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PostPosted: Sat Nov 17, 2012 7:50 am 
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I am in a Maine harbor for the winter. A drysuit is out of my price range (anyone giving one away?) :lol: and I would appreciate feedback for wetsuit use. The peddling aspect and seated position are obviously different than other sports..... What works well? 2 piece with farmer jane and jacket? Front zip? I don't plan on going in the water, yet --- who does? Thanks for info and anything that's for sale fitting a small female.... Went out yesterday and it was lovely!!


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PostPosted: Sat Nov 17, 2012 9:20 am 
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Location: Central New York
I use breathable chest waders, with breathable wicking layers underneath. I start with a polypropylene sock or similar moisture wicking sock followed by a pair or wool socks, when it's really cold I use wool wader socks that go above the knee. Then it's thermal underpants followed by fleece wader pants. On top thermal crew top followed by a fleece sweatshirt and weather dictates what goes on next. Usually it's another fleece jacket followed by a windbreaker or raincoat. I like fleece gloves and usually bring three or four pairs in case I get them wet. On my head I usually wear a thin polypropylene/nylon balaclava that covers my head and neck followed by a fleece knit hat on top. Of course my pfd is always on. The key is layers and nothing is tight, air insulates and when clothing is too tight they are not as effective at keeping you warm. I have a very low risk of falling over since I am in a Pro Angler but should I fall in I can still get to safety, although I will get wet. If your risk is higher, than you might want to at least opt for a dry top.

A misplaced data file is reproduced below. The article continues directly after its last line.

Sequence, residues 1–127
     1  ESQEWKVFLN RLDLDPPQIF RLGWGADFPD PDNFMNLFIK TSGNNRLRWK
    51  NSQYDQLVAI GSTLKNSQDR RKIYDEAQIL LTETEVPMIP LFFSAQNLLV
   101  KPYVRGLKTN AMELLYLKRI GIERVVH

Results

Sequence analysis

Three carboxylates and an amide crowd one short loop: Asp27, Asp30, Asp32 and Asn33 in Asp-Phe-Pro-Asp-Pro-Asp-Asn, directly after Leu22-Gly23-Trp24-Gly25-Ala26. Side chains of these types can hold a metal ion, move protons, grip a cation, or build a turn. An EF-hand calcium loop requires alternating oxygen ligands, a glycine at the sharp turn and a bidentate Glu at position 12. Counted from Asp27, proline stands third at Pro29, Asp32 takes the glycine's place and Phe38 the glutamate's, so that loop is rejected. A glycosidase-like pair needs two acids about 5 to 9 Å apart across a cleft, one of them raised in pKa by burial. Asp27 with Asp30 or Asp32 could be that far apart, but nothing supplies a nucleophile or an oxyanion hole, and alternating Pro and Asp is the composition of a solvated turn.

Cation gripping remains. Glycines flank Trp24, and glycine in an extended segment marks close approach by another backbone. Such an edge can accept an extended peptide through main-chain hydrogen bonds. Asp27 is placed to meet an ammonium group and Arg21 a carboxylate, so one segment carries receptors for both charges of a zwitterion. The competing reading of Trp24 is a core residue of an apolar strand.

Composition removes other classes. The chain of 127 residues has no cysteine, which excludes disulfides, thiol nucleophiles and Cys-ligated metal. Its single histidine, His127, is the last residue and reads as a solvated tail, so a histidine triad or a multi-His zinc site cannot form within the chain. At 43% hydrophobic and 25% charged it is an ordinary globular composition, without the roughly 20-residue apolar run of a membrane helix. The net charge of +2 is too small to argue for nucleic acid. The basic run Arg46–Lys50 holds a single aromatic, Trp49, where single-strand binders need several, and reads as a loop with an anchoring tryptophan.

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PostPosted: Sat Nov 17, 2012 9:44 am 
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Thank you, Mr. Green! The fear that reverberates throughout is --- What if you go IN? "Prepare for the worst", and all that.... I, too, feel I have a low risk of it in my revo. Quite stable. I like your logic of layers. Thanks, again


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PostPosted: Sat Nov 17, 2012 3:45 pm 
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Location: High Point, NC
I second the idea of lightweight, breathable, chest or waist high waders (no they do not "drag" you down if you go over - water is the same both inside and outside of the waders). A pair of fleece pants under these should be sufficient.

Then a good warm hydrophobic top in fleece or similar, and in as many layers as you need. A dry top over that should be all you need.

The beauty of fleece is that even when wet it continues to insulate.


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PostPosted: Sat Nov 17, 2012 5:09 pm 
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Location: Amelia Island, FL